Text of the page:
Julia Schimmelpenningh spends her days breaking glass to save lives.
Her work at Eastman protects people from injuries that could occur from car accidents, hurricanes, active shooter attacks and daily exposure to harmful UV rays.
“It gets you out of bed in the morning when you know you can help somebody like that,” she said.
Based in Springfield, Massachusetts, Schimmelpenningh is a technical engagement manager for Eastman Saflex™ and Vanceva™ colored PVB interlayers for laminated glass, which are used in the architectural and automotive industries.
Her three-person customer and application support lab team at Eastman’s Indian Orchard plant in Springfield focuses on testing glass safety. This involves breaking glass with Saflex and Vanceva interlayers and discovering new ways to make the glass safer.
Schimmelpenningh has translated her work into industry leadership, which enables her research to save lives not just through Eastman products but around the world.
Since 1992, she has been a member of ASTM International, a globally recognized organization that sets standards for testing, products, materials and operations systems. She has served on various ASTM committees and its board of directors.
She was honored in late 2022 with the International E. George Stern Award of Excellence, ASTM’s highest recognition, for her outstanding achievement and contributions to building safety. The award was especially significant to Schimmelpenningh because she personally knew the man for whom the award was named. In fact, he gave her the first assignment she completed at ASTM — writing a new building standard for glass handrails. Her work created a standard that prevents shattering or glass fallout in buildings with these handrails.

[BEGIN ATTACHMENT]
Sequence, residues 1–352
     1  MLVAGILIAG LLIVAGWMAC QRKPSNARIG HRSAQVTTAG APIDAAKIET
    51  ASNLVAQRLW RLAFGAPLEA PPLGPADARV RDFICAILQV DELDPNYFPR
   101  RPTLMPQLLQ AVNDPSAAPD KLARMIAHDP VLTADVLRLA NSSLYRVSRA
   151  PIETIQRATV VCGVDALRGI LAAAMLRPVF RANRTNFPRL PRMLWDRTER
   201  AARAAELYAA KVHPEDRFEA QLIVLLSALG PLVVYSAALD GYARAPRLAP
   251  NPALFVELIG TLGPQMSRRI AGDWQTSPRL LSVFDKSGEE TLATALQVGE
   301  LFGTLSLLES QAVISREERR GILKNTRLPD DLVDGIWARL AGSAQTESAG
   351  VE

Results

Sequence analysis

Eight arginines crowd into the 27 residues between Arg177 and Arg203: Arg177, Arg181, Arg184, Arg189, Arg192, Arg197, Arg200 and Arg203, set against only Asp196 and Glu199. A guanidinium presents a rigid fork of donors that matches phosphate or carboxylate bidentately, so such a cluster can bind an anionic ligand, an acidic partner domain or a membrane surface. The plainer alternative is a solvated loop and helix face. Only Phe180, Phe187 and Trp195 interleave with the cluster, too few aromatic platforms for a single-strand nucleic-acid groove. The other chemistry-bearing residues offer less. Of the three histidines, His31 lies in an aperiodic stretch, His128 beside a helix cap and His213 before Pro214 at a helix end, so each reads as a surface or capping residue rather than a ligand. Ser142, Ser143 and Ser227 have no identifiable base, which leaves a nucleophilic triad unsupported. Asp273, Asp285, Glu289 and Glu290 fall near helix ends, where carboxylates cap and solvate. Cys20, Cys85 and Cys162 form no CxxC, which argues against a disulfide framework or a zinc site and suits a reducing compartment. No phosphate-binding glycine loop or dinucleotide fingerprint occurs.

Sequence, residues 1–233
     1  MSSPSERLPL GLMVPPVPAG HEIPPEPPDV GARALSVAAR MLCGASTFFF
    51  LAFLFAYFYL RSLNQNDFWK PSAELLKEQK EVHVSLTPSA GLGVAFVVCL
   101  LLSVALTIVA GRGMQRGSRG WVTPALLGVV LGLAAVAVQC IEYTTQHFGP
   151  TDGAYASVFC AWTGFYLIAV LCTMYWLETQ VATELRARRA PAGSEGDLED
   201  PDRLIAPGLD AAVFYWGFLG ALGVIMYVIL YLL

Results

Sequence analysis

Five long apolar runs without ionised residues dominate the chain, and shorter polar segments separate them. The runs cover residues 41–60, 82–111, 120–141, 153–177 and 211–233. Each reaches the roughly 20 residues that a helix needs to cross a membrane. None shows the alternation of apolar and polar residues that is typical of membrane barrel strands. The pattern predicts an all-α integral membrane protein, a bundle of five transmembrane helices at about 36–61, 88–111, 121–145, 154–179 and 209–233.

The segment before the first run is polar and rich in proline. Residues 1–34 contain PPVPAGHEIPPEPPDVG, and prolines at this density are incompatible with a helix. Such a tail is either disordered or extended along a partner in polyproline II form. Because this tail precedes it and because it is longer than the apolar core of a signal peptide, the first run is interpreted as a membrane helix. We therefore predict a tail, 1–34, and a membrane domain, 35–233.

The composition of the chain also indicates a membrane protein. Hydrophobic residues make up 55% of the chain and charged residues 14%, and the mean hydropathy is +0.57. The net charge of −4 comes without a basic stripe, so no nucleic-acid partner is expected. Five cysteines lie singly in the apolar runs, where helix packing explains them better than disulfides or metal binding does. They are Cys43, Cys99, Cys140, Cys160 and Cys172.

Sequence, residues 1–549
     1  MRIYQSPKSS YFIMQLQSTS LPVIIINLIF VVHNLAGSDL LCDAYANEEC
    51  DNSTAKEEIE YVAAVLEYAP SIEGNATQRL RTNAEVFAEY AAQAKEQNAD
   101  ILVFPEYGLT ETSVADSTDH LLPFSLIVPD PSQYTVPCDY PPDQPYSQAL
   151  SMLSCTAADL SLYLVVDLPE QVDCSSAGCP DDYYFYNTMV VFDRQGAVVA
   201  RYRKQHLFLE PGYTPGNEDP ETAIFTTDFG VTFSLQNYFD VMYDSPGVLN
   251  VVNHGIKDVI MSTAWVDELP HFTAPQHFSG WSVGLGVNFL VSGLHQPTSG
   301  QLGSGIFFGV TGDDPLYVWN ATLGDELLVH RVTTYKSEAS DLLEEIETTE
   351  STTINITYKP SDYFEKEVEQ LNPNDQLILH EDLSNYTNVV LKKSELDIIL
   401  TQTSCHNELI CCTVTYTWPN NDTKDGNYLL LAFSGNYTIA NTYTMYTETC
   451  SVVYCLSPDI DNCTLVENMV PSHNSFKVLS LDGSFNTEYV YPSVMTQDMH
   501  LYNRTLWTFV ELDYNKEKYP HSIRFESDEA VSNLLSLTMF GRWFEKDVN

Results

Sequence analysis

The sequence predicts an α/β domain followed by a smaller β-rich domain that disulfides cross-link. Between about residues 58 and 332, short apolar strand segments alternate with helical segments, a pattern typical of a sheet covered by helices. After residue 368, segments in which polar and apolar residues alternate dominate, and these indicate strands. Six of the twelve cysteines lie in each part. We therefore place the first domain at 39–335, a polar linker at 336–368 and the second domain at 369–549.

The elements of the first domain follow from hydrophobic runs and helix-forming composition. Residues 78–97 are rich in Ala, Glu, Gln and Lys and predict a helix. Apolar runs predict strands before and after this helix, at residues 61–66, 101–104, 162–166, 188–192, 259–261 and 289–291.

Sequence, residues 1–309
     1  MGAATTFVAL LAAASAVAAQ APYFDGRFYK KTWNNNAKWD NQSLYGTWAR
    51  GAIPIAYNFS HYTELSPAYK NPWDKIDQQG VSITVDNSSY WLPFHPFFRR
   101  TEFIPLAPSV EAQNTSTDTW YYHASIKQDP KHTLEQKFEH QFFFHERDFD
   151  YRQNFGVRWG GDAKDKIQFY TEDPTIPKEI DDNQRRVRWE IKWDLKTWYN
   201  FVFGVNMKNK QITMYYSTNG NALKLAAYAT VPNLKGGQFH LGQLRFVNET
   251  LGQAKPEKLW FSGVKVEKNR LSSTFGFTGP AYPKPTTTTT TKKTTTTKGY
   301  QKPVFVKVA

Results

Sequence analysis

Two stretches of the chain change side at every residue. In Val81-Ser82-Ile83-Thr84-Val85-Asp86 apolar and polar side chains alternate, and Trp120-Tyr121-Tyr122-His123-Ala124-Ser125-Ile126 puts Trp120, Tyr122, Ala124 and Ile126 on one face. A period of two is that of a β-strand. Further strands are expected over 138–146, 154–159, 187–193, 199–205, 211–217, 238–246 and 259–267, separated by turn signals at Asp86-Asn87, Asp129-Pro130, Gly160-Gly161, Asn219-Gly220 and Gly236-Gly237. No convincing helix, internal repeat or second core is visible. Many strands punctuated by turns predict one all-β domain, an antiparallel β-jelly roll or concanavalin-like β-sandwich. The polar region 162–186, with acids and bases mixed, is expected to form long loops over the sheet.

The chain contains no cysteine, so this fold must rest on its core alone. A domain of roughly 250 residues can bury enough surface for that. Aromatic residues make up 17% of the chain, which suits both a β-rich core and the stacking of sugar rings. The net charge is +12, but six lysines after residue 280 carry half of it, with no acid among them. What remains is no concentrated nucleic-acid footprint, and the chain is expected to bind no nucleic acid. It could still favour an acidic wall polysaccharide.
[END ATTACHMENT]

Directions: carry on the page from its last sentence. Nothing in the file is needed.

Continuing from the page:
Additionally, in 2022, Schimmelpenningh served as the technical chair for the committee that developed and published the new ASTM standard on forced entry through an active shooter attack.
Schimmelpenningh’s commitment to research has roots in her time at Emmanuel College, where she earned a bachelor’s degree in biology and chemistry. Schimmelpenningh thought she would work in medical research but found safety more interesting during her early career. This transformed her job into a passion.
“I can’t imagine going into another industry today,” she said.
Schimmelpenningh began her career with Monsanto in 1989 in the Saflex business unit, which later became part of Solutia. She joined Eastman in 2012 when the company acquired Solutia.
Through the years, she has always been driven by a commitment to making the world safer.
“I have my marching orders for the products we put out there and what we want to talk about. But for me to have credibility in the industry, I have to understand the impact of our products,” she said. “You have to gain the trust of people in the industry, too, that you’re not just a product pusher. It’s for the good of the industry and the good of people.”